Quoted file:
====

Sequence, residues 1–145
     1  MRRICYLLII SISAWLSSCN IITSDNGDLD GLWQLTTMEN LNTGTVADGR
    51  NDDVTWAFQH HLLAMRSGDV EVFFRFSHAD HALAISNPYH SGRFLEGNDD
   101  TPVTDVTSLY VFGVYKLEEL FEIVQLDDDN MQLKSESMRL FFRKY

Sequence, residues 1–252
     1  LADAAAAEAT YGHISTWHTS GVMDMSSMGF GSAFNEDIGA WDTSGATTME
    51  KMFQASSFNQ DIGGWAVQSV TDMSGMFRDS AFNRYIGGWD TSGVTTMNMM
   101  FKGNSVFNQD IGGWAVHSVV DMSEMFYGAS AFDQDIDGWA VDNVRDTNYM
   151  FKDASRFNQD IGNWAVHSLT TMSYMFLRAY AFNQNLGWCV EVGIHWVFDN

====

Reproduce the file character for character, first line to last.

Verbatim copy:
Sequence, residues 1–145
     1  MRRICYLLII SISAWLSSCN IITSDNGDLD GLWQLTTMEN LNTGTVADGR
    51  NDDVTWAFQH HLLAMRSGDV EVFFRFSHAD HALAISNPYH SGRFLEGNDD
   101  TPVTDVTSLY VFGVYKLEEL FEIVQLDDDN MQLKSESMRL FFRKY

Sequence, residues 1–252
     1  LADAAAAEAT YGHISTWHTS GVMDMSSMGF GSAFNEDIGA WDTSGATTME
    51  KMFQASSFNQ DIGGWAVQSV TDMSGMFRDS AFNRYIGGWD TSGVTTMNMM
   101  FKGNSVFNQD IGGWAVHSVV DMSEMFYGAS AFDQDIDGWA VDNVRDTNYM
   151  FKDASRFNQD IGNWAVHSLT TMSYMFLRAY AFNQNLGWCV EVGIHWVFDN